Friday, May 29, 2009

A beautiful beach wedding (aka: our whirlwind weekend in Guanacaste)

Last Saturday, our family breezed off on a long drive to Playa Real, a beach in Guanacaste (on the west coast of Costa Rica), to attend the wedding of our friends Norbell and Amalia.

Along the way we saw plenty of animals in and on the side of the road: cows, horses, dogs, pigs… it’s always like Wild Kingdom around here! Thankfully the traffic wasn’t too awful and we were able to stop for lunch at El Rinconcito de Doña Elda—a nice, open-air restaurant we’ve eaten at before with yummy food and (importantly—ha!) clean bathrooms.

We stayed at Bahia de los Pirates (Pirate’s Bay), about 10 kilometers down a gravel road, well off the beaten path. The bay got its name from the legend that Captain Morgan had a hideout in one of the islands right across from the beach. While I knew Morgan spent time in Central America, I thought he was strictly a Caribbean sailor … so who knows?

Our villa was near the top of the hill and we loved the views of the bay and the trees and birds. At one point a bright yellow bird (a tanager, I think) flew by and was absolutely brilliant.

It was so hot when we arrived, we quickly changed into swimsuits and spent a couple of hours at the pool with some friends until we had to shower and change for the wedding. (Notably, we left the pool before the groom, who was still in his swim trunks and bare-chested about an hour before the wedding was to start. Things are pretty laid back in this part of the country. ¡Pura vida, Norbell!)

Just around sunset, the beautiful bride and her handsome groom got married on the beach in a lovely ceremony. They couldn’t have picked a more appropriate setting, since Norbell is a surf addict and the couple has a house nearby.

The wedding was very nice (though still hot—whew!) and we had a lot of fun at the reception in the hotel restaurant. The food was good and the music was too. Lauren could barely keep her eyes open once the clock struck 9pm, so we took her back to the villa that we were sharing with our friends Carlos and Julie. Erin wasn’t ready to go and Julie—a very sweet Irish amiga—asked to keep our girl there for more dancing with the promise to have her back to us by 10:00. Erin was tickled to stay and headed up to the dance floor while Dan and I went to collapse in the A/C and get our little one to bed.

The beach was calling on Sunday morning and we headed out around 6:45 before the sun got high and the air grew too hot to enjoy a walk. We went south over some rough terrain and soft sand as we peered into tide pools, watched crabs scurry across the rocks, admired sea urchins hanging out in their watery holes, and watched for birds and lizards (saw both!). Eventually the girls started to wear out and we had breakfast and left for the four-hour return trip to the valley. We hated to leave so soon, but we knew it was best to beat the rain that was destined to fall on the Central Valley in the afternoon. (Thankfully we weren’t in it too long.)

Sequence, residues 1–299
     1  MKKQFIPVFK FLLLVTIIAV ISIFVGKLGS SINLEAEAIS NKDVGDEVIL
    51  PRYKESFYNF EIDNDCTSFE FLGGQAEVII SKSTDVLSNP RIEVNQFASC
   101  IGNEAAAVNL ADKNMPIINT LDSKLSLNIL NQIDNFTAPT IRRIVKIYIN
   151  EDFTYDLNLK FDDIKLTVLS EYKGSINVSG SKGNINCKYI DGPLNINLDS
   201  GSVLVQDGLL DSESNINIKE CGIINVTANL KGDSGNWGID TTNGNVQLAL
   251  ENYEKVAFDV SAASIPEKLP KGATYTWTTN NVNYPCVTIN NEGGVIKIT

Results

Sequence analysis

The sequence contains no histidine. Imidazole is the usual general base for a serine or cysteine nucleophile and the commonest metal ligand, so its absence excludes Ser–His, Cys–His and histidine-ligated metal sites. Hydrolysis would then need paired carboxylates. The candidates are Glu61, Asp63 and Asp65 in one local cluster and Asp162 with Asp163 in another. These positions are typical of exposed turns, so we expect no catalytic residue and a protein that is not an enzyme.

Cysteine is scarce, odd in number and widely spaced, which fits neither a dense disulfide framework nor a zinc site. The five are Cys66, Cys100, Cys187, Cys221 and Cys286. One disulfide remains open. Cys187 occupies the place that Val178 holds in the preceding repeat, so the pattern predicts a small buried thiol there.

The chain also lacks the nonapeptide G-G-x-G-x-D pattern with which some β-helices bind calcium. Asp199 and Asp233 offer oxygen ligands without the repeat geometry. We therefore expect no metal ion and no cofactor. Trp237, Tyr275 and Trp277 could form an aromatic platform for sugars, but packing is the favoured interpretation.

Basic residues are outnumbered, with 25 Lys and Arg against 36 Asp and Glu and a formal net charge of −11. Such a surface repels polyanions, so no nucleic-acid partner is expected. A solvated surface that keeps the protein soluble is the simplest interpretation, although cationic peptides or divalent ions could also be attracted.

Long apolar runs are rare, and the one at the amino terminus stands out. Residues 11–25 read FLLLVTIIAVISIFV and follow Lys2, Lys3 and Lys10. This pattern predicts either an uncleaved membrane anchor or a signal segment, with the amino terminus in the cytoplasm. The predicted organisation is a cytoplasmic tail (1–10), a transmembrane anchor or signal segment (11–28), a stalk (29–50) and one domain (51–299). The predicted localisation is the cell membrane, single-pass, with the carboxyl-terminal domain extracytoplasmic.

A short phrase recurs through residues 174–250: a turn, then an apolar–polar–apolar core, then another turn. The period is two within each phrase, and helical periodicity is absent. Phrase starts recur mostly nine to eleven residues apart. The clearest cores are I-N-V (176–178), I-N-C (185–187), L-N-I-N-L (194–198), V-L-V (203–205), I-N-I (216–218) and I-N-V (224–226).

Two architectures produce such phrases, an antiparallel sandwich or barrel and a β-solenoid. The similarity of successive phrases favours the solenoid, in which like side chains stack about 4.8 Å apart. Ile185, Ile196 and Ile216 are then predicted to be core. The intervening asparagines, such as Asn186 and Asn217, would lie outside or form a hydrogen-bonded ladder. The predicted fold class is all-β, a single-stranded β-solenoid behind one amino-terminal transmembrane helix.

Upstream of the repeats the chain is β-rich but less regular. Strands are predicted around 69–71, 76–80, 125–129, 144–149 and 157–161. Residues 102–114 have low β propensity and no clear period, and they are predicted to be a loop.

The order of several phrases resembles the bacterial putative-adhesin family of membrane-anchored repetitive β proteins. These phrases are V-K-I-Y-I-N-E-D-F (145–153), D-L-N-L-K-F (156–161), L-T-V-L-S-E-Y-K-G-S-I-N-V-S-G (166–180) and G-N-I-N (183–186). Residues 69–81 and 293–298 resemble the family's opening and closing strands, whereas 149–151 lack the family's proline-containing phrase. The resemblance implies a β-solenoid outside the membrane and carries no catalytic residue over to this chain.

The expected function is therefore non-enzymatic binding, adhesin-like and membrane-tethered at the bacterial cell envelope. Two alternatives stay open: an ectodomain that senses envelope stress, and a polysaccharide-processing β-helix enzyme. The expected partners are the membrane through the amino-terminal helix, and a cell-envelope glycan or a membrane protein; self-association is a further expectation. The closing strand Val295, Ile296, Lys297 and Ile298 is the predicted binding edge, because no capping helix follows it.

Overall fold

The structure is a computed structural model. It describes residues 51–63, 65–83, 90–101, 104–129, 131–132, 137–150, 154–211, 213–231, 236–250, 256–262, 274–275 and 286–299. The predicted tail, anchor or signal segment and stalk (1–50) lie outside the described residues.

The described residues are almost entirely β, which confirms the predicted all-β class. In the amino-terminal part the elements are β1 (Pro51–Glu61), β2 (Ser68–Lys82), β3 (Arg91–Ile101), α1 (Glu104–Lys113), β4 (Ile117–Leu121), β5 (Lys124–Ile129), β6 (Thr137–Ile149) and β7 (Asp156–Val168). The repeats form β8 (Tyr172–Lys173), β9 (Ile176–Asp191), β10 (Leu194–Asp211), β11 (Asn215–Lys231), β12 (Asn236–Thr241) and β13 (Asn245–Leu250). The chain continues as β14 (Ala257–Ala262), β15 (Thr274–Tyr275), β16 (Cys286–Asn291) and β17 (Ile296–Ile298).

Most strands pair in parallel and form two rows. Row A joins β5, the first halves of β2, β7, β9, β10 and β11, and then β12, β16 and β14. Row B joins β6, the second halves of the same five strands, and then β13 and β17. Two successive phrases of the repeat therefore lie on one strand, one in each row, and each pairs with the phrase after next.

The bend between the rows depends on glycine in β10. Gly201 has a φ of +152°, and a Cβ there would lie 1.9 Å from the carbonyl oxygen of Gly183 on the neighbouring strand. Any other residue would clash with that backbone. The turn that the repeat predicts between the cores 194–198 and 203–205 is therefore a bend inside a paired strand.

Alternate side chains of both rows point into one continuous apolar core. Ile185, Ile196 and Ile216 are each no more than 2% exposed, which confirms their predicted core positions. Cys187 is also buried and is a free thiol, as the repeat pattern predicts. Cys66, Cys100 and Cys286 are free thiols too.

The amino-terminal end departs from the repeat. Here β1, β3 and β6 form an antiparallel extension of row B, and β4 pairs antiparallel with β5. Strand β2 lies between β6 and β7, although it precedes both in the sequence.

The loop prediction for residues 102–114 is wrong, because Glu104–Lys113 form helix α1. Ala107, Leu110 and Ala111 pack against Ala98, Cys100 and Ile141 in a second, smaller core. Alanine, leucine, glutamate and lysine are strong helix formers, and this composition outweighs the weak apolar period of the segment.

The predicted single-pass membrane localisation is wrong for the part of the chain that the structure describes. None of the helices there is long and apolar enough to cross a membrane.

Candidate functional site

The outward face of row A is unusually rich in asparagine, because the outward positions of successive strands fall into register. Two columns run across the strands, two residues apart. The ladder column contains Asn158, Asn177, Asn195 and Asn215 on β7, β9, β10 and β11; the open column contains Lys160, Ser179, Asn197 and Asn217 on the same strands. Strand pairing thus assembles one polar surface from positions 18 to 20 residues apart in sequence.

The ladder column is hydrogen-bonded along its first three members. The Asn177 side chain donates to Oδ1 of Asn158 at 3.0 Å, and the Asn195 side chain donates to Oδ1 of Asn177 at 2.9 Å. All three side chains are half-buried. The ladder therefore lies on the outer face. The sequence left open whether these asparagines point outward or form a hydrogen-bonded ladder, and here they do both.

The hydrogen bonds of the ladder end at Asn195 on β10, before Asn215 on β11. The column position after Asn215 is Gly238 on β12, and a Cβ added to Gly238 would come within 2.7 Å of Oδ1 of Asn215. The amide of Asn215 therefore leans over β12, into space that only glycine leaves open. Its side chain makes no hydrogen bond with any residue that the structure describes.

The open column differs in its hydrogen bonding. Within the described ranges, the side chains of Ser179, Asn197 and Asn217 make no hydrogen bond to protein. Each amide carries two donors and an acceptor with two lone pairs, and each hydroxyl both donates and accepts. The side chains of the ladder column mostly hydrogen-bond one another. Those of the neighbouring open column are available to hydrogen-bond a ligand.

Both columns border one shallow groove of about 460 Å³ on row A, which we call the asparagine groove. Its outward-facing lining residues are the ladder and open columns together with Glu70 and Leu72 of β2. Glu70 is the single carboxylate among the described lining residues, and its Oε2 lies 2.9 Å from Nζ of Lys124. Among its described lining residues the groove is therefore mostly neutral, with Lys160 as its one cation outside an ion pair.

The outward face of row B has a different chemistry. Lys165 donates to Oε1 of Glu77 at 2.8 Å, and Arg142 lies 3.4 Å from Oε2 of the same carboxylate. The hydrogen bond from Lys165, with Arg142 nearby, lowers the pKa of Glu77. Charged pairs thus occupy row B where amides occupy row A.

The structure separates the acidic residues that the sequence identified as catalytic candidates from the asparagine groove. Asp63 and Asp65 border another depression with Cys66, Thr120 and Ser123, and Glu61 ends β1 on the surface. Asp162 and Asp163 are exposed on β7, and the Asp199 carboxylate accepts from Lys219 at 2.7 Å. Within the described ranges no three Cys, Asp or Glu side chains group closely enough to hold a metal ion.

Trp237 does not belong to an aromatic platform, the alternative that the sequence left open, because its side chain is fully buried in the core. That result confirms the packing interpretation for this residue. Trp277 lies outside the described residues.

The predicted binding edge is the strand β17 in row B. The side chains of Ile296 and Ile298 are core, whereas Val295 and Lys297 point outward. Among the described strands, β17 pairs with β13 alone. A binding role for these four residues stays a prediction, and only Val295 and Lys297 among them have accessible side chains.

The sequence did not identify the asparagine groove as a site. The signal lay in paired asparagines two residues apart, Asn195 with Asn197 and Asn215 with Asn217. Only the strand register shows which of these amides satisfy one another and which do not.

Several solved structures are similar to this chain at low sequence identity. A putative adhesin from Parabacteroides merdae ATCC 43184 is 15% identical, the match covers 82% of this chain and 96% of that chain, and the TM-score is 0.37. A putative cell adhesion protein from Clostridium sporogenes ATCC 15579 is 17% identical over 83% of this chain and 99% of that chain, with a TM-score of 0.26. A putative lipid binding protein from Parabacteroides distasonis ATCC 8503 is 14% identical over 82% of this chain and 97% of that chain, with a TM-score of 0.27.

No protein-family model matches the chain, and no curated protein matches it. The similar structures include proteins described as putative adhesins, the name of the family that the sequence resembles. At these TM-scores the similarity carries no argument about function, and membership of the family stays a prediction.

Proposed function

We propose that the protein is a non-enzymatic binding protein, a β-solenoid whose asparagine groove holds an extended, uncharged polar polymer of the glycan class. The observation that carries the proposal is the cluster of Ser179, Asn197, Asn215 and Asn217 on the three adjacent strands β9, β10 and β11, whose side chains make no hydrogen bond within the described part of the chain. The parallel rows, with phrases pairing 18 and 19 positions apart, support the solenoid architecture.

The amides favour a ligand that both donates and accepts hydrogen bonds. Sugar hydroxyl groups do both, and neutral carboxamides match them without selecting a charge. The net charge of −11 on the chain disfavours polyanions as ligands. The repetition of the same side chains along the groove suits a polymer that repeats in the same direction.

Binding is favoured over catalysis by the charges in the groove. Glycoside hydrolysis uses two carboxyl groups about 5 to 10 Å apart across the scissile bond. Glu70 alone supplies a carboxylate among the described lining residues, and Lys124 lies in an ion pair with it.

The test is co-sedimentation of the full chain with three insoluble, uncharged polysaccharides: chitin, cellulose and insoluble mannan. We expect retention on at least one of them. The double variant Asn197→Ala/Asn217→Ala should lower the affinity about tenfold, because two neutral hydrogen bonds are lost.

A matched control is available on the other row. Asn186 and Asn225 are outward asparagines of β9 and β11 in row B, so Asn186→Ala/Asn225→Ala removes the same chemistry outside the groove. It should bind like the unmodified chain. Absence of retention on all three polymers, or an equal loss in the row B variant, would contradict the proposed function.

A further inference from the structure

Lastly, I would be remiss in not mentioning the beautiful shell sculpture we received as a remembrance of the wedding. Norbell’s mom made this amazing little portal (nativity scene) from shells found at the beach in Guanacaste. I’m contemplating carrying this to Wisconsin on the plane this summer and leaving it at my parents’ house because I’m so afraid it could break next year in the move. It’s too special and beautiful to risk having it damaged, and it reminds me of our friends and their wedding day—I love it!

¡Pura boda!

Tuesday, May 26, 2009

Don't call us ... we'll call you ...

And the saga continues! On May 18 I finally sprung for a new cordless phone (you don't wanna know how much I paid for it) and brought it home, all excited to finally have a landline after all this time. I read the phone's directions carefully, plugged that baby in, and threatened my family with something horrible if they picked up the receiver before 16 hours had passed. (Sixteen hours being the recommended time the phone needed to fully charge and work properly.)

The following morning I grabbed my cell phone and called our landline number, eagerly awaiting the ring. Which never came. And at this point, I just knew the idea of merely plugging in a new phone was too good to be true, and something had to go wrong with this venture. Sure enough, I picked up my brand-spankin'-new phone and found no dial tone. Zip, zilch, nada!

In sheer frustration I yanked out Dan's work phone (it took a lot of patience and effort just to untangle the cords behind the desk to figure out which phone I needed here) and plugged that in. As I suspected ... still nothing. The problem wasn't my new phone, it was something else altogether. And I steeled myself against the knowledge that this was going to require numerous phone calls and emails—in Spanish, of course, just to make it extra fun—to get the situation fixed.

I emailed my friend Eric, kind of a pseudo-landlord (since the real one is out of the country), and he called the phone company (ICE) and reported the problem. He then told me that ICE would be out to the house within a few days to check the line. I hardly thought this would happen, and here I am a week later and they never did show. Surprise!

Yesterday I called ICE and reported the problem again. They told me the issue is not with their installation, but rather a problem within the house: meaning, they couldn't help me. (The funny thing is, this morning my pseudo-landlord/friend called ICE again and they said they would look into it and send someone out. Good grief!)